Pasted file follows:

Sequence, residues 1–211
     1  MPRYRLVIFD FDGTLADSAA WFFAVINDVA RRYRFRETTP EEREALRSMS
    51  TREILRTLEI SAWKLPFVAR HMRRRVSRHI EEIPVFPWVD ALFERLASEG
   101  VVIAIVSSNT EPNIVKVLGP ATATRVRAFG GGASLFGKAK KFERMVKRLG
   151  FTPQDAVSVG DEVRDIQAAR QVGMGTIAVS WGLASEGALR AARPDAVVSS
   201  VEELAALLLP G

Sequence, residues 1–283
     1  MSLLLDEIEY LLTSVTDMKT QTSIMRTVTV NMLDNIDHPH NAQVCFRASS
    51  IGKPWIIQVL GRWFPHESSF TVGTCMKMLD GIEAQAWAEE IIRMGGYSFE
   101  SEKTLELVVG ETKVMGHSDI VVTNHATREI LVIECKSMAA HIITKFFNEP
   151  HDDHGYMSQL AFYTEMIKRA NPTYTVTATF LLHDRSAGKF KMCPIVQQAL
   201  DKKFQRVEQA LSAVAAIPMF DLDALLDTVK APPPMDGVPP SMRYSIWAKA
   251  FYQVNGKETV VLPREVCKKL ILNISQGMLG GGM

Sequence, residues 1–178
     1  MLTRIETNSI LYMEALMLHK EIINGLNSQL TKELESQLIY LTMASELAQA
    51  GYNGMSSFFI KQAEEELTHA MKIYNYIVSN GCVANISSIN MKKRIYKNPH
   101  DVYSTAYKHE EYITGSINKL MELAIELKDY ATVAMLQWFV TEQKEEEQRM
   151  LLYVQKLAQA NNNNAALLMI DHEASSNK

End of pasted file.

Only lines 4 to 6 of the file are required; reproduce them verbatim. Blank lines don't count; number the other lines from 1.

   101  VVIAIVSSNT EPNIVKVLGP ATATRVRAFG GGASLFGKAK KFERMVKRLG
   151  FTPQDAVSVG DEVRDIQAAR QVGMGTIAVS WGLASEGALR AARPDAVVSS
   201  VEELAALLLP G